Advancements in technology have been improving workplace productivity for years, allowing us to work virtually from anywhere. Now that a global pandemic is forcing us to work from home, the question being posed seems to be, why return to the office at all? According our “Evolving Workforce Expectations” study, only 7% of employees want to return to work a full five days a week. If employees are a company’s most valuable asset, employers must make the workplace a sought-after destination for everyone, one that people are excited to return to.
Brands will need to reevaluate their office portfolio and determine a plan to ensure their employees can take advantage of new technologies that make communicating, collaborating, and connecting, more seamless than ever before.
But while technology continues to rapidly evolve to better bridge the gap between physical and virtual workers, the most critical element for successful adoption and activation of these tools will be a robust change management strategy. Employers must provide holistic awareness, training, and buy-in to effectively activate these new, digitally focused offerings.
Here are the four ways technology can be used to make the workplace a sought-after destination:
Brands are having to communicate with their employees more than ever before, and because so many things are constantly evolving, the need for immediate communication is imperative.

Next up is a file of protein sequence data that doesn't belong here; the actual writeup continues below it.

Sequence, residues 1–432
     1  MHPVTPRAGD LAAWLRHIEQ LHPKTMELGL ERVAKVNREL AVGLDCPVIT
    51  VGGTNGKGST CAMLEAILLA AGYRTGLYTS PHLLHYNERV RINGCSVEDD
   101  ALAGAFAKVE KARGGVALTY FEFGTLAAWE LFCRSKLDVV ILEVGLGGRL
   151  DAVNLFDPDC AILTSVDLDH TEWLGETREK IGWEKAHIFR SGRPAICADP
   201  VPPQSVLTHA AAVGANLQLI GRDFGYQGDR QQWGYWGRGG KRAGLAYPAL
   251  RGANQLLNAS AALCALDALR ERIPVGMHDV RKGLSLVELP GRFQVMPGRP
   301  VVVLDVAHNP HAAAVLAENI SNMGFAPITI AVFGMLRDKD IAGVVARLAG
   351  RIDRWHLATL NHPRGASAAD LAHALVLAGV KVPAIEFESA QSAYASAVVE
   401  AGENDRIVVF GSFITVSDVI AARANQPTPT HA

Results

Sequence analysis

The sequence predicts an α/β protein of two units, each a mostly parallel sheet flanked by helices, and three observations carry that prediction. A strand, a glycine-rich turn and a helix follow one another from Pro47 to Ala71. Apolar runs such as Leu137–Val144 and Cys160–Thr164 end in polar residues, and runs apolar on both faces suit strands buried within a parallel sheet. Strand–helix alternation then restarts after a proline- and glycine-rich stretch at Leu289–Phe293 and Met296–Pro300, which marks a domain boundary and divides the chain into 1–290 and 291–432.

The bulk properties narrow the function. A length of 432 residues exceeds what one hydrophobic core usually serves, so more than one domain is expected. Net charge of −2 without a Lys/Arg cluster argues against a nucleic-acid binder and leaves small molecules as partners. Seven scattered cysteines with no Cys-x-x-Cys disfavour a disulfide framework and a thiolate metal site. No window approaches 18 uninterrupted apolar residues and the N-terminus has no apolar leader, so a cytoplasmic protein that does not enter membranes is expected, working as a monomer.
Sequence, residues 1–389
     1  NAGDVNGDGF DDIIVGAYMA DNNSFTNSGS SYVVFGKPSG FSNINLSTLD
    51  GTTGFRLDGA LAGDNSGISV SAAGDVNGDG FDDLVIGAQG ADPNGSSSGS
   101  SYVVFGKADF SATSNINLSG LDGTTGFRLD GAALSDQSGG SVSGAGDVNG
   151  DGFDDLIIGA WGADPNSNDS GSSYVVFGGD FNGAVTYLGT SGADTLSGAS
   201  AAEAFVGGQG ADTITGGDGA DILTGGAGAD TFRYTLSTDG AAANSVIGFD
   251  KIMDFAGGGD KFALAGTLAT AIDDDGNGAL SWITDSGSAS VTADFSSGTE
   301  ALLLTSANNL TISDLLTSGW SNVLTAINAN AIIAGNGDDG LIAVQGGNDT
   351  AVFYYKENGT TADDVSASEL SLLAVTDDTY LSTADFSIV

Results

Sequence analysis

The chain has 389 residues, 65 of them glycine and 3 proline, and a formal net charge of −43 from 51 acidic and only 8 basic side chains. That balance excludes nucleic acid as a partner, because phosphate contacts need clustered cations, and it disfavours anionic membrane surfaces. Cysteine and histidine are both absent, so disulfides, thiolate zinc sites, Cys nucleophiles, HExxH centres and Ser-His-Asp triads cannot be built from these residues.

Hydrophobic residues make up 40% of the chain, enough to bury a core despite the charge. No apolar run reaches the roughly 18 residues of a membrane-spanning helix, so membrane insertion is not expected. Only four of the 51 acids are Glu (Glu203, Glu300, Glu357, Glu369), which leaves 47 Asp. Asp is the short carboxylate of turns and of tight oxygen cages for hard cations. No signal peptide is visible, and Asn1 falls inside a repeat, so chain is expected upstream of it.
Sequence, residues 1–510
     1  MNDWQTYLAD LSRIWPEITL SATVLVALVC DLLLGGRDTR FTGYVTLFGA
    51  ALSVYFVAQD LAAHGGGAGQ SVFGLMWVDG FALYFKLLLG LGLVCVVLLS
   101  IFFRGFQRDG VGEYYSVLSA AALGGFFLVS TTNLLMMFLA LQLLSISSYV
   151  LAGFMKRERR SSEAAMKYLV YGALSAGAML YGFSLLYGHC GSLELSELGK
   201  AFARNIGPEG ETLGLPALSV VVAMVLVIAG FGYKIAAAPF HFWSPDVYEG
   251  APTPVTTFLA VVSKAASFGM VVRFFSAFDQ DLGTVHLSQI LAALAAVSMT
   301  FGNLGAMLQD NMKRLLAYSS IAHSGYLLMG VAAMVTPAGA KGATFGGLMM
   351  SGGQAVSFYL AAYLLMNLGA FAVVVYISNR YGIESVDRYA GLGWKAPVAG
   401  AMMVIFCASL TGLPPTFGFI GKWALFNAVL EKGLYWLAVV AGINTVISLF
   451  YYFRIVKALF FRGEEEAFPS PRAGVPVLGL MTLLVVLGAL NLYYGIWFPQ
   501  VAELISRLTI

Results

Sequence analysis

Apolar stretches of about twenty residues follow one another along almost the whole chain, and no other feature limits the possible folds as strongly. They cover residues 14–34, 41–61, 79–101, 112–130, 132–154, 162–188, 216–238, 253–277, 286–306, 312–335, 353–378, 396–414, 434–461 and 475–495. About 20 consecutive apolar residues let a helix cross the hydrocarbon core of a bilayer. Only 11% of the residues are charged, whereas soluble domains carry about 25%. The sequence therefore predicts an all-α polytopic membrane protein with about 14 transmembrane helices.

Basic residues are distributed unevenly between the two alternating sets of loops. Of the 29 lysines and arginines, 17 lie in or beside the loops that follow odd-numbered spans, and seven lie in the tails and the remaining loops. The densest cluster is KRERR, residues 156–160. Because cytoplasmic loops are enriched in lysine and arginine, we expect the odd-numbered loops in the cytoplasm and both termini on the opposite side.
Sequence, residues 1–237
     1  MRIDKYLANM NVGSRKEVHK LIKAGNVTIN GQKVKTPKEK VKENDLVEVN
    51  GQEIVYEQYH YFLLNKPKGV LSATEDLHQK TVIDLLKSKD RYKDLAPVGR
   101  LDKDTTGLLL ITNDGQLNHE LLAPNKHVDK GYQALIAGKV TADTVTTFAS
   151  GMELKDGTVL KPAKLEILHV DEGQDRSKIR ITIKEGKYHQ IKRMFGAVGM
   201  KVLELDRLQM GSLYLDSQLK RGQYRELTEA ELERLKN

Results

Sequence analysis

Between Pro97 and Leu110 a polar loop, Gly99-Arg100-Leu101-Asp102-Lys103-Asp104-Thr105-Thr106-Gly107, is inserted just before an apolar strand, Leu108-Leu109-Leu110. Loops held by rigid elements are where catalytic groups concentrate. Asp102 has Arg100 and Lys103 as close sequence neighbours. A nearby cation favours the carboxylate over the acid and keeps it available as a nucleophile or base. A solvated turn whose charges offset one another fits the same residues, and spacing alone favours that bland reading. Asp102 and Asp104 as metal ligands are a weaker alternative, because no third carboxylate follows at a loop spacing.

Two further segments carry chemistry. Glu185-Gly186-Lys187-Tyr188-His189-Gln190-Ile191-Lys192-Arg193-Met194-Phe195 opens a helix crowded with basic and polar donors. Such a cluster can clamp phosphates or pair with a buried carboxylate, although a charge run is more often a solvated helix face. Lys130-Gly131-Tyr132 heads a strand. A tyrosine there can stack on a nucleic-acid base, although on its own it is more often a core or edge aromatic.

Integrated workplace management systems like iOffice and their employee experience app Hummingbird, previously considered luxuries, will be necessities. With technology like this, employees can reserve workstations or conference rooms, submit service requests, be alerted to incoming mail, visitors, and more, all from their own mobile devices. Employers can also keep a close eye on who is in and out of their facility each day, constantly monitoring capacity to keep their employees safe.
As wearable technology gains more popularity, many employers are realizing these tools offer a unique opportunity to communicate with employees. With the traditional, in-office nine to five likely becoming extinct, a singular means of communication like email won’t be enough. And with employees working from a variety of environments including coffee shops, home offices, hotel lounges, and even their cars, wearable technology is something they’ll always have access to.
As the mobile workforce and risks of cyber security attacks continue to increase, innovative solutions like Samsung Knox are changing the way companies use wearables, embedding their software within workers’ mobile devices and smartwatches to secure company data, and help mitigate breaches of private company information.